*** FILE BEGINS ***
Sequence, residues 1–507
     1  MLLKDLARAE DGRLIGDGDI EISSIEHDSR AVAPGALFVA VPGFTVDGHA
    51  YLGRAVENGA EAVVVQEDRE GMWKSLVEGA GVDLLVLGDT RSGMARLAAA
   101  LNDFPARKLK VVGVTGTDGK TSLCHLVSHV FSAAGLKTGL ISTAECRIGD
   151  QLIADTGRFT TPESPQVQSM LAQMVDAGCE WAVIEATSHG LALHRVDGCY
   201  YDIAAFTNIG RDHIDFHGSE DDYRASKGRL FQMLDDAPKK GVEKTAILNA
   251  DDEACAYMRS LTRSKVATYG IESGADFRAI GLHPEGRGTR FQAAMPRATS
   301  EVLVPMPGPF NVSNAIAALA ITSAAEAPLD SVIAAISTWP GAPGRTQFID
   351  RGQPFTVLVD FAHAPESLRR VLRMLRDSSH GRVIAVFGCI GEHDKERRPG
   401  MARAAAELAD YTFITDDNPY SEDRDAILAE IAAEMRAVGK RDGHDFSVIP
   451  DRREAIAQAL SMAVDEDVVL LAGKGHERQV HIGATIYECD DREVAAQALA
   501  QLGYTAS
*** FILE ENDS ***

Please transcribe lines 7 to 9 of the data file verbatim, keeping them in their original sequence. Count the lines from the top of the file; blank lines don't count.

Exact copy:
   251  DDEACAYMRS LTRSKVATYG IESGADFRAI GLHPEGRGTR FQAAMPRATS
   301  EVLVPMPGPF NVSNAIAALA ITSAAEAPLD SVIAAISTWP GAPGRTQFID
   351  RGQPFTVLVD FAHAPESLRR VLRMLRDSSH GRVIAVFGCI GEHDKERRPG